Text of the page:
Taiwanese Braised Meat Sauce

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You can find this dish everywhere in Taiwan. It’s another Taiwanese comfort-food.

Taiwanese people take their aromatics seriously. It’s a lot of fried shallots, dried shrimps, dried Shiitake mushrooms, garlic…etc. As H says, you can have some serious “strong” breath afterwards. Always keep a pack of gum with you if you ever travel to Taiwan. :p Nevertheless, the fried shallots in this dish gives the dish an amazing flavor. You can buy this in most Asian supermarkets. In case you’re not sure what to look for, this is what it looks like:

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I never really appreciated this dish growing up. In fact, I never really liked it before. This wasn’t until after having E and S when we started hosting quite a bit of large group gatherings at our house. A lot of times, it’s hard to prep for dinners let alone large groups of guests. My mom gave me this idea as she is quite gifted in the kitchen. It’s easy, inexpensive, and you can make ahead of time. In fact, the longer it simmers, the better it tastes. I will often serve this with a pot of freshly steamed rice and a side of veggies. The meat sauce is good as leftover the next day, too. It’s tasty with noodles, as the noodles will absorb some of the broth. My kids like this with macaroni pasta. I know. It’s quite weird, but macaronis are easier for them to eat then long noodles. It also makes it easier for me to clean up afterwards.

These days, anything that’s easy and make-ahead is a keeper around here.

 

Taiwanese Braised Meat Sauce

Serves 4-6

 

Ingredients:

1 pound ground pork

1/2 cup soy sauce

2 cups water

1 tablespoon rice wine

3 tablespoons fried shallots

 

Directions:

1. Brown the ground pork in a saute pan over medium high heat while breaking up the meat into smaller pieces with a wooden spoon or spatula. (I typically don’t use oil as the ground pork is quite fatty and will release oil as it cooks.)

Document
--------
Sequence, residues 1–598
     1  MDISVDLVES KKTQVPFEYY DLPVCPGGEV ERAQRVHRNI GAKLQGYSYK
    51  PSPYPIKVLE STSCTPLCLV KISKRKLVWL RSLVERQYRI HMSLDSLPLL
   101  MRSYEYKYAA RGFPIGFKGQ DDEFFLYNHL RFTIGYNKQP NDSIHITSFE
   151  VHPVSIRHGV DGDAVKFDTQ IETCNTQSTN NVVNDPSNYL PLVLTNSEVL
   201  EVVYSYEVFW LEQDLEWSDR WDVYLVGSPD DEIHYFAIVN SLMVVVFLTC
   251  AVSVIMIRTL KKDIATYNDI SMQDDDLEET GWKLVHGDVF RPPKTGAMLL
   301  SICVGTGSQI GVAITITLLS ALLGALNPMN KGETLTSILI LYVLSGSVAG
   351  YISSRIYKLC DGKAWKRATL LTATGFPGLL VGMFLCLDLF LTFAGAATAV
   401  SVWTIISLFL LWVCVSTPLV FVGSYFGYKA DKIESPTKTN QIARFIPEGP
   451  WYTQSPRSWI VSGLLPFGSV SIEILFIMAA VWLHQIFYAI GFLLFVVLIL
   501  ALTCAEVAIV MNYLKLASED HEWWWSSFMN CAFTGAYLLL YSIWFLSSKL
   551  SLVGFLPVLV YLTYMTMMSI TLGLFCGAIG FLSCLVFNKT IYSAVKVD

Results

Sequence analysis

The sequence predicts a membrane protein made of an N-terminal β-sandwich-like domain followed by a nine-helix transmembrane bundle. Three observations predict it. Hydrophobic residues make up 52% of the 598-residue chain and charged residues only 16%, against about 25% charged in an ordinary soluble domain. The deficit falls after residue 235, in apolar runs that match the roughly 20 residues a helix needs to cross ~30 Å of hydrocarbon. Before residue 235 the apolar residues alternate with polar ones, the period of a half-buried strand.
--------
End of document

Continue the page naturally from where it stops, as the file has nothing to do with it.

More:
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2. When the meat is almost cooked-through, add water, soy sauce, rice wine, and fried shallots. Bring to a boil, cover, then simmer over low heat for approximately 30 minutes.

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3. Serve over rice, noodles, or steamed/boiled veggies.

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4 comments
  1. This dish sounds easy and oh so comforting – it’s something I will definitely try soon. I miss Chinese food so much since I came home from my semester abroad in Shanghai, and sadly my Taiwanese flatmate moved out last year and does not make a huge pot of mapo doufu every other week.

  2. nora said:

    This is one of our household favorites, too! And it freezes well, so I usually make a big batch and freeze half for another meal. I also like to make sweet potato rice to go with it and my kids like that, too. Love your pictures!

  3. Meredith said:

    Looks good. Is this the same as the minced pork dish I order at Bento? Wonder if it will taste just as good if I use ground turkey instead of ground pork.

    • In Taiwan, it’s typically made with ground pork. Our Publix generally carries decent ground pork. :) I am not a fan of ground turkey.

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